International Maritime Treaties Recognition and Trump: Protectionist or Progressive?
Much has been theorized in the past two months concerning whether the Trump Administration will follow through on President-Elect Donald Trump's campaign pledge to "rip up" international trade deals such as the North American Free Trade Agreement (NAFTA) or withdraw from the World Trade Organization. But what of potential treaties that have not been entered into yet? What can we expect from the Trump Administration?
If the transportation infrastructure of the country is to be improved and modernized, the law governing transportation should be improved and modernized as well. Ratification of the "Rotterdam Rules" could provide a cornerstone for that effort. The aim of the Rotterdam Rules, signed in 2009, is to unify the law governing international door-to-door carriage of cargo. Its charge is to help modernize international carriage by facilitating electronic commerce in the same manner as domestic U.S. law now facilitates domestic electronic commerce.
Today, U.S. parties often file loss or damage suits against carriers in foreign countries rather than in the United States. Bills of lading issued by carriers often contain clauses that require suits to be filed in foreign countries – and those clauses have been upheld by U.S. courts. The Rotterdam Rules change this equation by permitting U.S. cargo interests to file suit in the U.S. against carriers for loss or damage to cargo carried to or from the U.S. even if the carrier's bill of lading calls for suit in a foreign country.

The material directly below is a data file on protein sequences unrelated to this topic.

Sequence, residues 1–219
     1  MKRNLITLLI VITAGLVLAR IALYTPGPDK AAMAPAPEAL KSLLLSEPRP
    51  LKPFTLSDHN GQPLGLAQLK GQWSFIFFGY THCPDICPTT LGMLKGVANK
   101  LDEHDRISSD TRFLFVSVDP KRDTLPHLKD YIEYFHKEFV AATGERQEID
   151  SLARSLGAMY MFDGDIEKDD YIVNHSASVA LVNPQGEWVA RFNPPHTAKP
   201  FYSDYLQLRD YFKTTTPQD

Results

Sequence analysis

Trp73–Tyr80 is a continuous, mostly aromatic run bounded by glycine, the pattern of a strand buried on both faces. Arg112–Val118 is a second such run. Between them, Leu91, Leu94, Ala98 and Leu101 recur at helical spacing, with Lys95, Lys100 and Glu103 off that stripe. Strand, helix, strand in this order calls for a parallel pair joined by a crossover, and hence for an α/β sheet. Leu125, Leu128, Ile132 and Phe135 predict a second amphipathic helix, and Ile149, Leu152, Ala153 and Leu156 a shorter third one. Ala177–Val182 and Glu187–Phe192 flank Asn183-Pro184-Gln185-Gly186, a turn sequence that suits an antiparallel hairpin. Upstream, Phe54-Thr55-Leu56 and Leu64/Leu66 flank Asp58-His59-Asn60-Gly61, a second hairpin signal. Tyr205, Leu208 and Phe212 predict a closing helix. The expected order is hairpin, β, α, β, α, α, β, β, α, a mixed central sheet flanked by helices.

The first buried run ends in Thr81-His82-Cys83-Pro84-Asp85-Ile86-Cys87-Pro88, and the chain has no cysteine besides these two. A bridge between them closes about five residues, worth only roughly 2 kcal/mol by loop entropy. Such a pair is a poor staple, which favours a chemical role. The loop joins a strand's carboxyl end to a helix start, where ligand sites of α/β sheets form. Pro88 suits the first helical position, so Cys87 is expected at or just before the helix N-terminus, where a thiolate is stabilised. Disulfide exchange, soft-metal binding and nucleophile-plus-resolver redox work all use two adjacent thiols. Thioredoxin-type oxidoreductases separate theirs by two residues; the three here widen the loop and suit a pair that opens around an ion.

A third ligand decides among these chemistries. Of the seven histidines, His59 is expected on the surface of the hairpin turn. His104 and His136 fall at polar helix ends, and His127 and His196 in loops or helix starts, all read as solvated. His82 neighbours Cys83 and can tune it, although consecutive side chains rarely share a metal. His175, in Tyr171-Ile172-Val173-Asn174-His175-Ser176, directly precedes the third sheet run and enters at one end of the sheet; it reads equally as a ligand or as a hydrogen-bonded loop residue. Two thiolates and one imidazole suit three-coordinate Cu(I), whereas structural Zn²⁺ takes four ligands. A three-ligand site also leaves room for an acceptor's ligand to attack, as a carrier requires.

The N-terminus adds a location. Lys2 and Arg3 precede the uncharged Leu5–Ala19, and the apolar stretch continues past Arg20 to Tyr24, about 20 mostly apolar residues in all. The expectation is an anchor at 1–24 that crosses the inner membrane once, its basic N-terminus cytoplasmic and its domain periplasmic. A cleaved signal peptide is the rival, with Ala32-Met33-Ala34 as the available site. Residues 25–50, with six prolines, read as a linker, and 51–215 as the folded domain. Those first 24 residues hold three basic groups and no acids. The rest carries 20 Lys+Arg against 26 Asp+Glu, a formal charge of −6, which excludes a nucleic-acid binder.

The Trump Administration's oft-stated goal is to be the most business-friendly administration in decades. Should this be the case, the Rotterdam Rules may well have the support of Trump after he is inaugurated on Jan. 20, 2017. In principle, international and domestic chambers of commerce have supported ratification of the Rotterdam Rules, and carrier and cargo interests involved in the international carriage of goods have already acknowledged the rules' value in the maritime industry. An interesting example of this acknowledgement is ExxonMobil, which incorporated the Rotterdam Rules into its ExxonMobilvoy 2012 form of charter party. See Clause Paramount, paragraph 27(i) beginning at line 448 of the form. The incorporation of the Rotterdam Rules as the "default" contractual arrangement for cargo disputes between the owner and the charterer under ExxonMobilvoy 2012 is a business decision for shipping interests.
A Renewed Interest in UNCLOS?
Separately, the United Nations' Convention on the Law of the Sea (UNCLOS) remains unratified by the Senate. There was industry optimism that President Barack Obama and Vice President Joe Biden would push for its formal recognition, having made positive statements concerning UNCLOS when serving on the Senate Foreign Relations Committee. However, eight years have come and gone without significant progress toward ratification.
UNCLOS has maritime commerce implications concerning deep-sea mining, telecommunications, oil interests and the Arctic, all of which mean potential jobs and revenues for U.S. businesses. Over the years, interests such as the U.S. Chamber of Commerce and the American Petroleum Institute supported it. A pro-business administration such as Trump's is likely to take a keen interest in UNCLOS.
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